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The foppish mad scientist Dr. Goldfoot (Vincent Price) plots another mad scheme to take over the world by killing off the major military leaders of every country; to that end, he creates in his secret lab a bevy of bodacious girl bombs; full-length, life-size robots that explode when embraced.
Dorian Gray, wishing to remain young and handsome for eternity, essentially sells his soul so that a portrait can age instead of him. Over the course of the years, Dorian commits every sort of sin, heavily influenced by his friend Lord Henry Wotton. But as his life goes on, he slowly realises the emptiness and evil which he has succumbed to.
After an attempted assassination on Ambassador Han, Inspector Lee and Detective Carter are back in action as they head to Paris to protect a French woman with knowledge of the Triads’ secret leaders. Lee also holds secret meetings with a United Nations authority, but his personal struggles with a Chinese criminal mastermind named Kenji, which reveals that it’s Lee’s long-lost…brother.
In this modern telling of the classic tale, aspiring singer Katie Gibbs falls for the new boy at her performing arts high school. But Katie’s wicked stepmother and stepsister are scheming to crush her dream before she can sing her way into his heart.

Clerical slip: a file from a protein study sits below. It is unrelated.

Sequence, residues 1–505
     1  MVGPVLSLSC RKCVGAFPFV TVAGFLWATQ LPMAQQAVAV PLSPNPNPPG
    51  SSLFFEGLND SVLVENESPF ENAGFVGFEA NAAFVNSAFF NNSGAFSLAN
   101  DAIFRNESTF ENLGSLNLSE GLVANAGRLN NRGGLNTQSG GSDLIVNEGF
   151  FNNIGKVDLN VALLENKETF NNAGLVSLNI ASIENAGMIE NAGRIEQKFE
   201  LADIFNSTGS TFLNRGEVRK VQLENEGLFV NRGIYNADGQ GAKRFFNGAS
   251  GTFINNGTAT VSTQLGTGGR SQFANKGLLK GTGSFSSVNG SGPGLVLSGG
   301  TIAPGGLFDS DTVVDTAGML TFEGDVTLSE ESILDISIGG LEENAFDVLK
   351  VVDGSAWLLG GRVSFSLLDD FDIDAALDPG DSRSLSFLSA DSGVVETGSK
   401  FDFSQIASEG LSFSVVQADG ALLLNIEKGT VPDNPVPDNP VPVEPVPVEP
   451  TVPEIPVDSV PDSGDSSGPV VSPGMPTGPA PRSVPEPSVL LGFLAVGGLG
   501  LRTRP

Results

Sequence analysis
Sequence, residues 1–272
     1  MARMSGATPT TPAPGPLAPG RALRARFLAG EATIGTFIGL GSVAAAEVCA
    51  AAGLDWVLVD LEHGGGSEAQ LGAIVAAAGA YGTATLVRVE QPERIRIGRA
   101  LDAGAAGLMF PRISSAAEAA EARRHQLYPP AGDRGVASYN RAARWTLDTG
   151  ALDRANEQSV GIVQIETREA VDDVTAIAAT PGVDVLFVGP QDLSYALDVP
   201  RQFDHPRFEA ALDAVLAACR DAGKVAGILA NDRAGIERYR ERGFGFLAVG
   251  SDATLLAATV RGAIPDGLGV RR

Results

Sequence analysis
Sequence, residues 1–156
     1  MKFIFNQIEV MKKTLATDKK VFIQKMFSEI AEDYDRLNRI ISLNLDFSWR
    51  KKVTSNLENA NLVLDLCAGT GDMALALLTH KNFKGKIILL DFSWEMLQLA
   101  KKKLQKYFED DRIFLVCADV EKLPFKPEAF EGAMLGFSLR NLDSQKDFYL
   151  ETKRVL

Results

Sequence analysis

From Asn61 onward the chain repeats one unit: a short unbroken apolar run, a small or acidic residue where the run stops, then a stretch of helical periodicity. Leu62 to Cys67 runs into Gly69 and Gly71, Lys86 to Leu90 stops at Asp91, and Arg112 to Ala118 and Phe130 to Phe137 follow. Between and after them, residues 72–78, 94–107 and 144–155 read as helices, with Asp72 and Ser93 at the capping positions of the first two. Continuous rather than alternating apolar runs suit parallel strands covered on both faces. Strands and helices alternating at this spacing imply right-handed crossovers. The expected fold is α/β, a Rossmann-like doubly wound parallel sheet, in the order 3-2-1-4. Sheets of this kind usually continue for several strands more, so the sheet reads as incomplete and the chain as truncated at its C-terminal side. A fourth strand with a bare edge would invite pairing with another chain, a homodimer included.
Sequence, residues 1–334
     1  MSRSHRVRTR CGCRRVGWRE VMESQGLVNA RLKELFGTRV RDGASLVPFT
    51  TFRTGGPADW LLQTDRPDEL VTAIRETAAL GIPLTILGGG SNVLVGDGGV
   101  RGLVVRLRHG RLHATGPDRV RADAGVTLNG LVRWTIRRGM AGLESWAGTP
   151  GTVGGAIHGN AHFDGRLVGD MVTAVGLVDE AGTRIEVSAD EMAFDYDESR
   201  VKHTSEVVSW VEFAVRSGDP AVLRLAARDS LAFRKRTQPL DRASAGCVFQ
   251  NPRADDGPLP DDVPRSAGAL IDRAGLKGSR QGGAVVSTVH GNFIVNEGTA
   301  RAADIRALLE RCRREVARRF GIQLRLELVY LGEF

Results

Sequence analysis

An anthology film set in a brothel, Bordello Death Tales incorporates three shorts by young horror directors, linked by a sinister venue: Madame Raven’s bordello. The bloodletting begins in James Eaves’ The Ripper featuring a mild-mannered psychopath. The second story, Stitch Girl, is Al Ronald’s homage to Bride of Frankenstein. The final short is Pat Higgins’ Vice Day showing how a politician has developed a way of keeping his private life away from the prying eyes of journalists. The three directors share a love of old-school portmanteau horror like the Amicus films (Tales From The Crypt)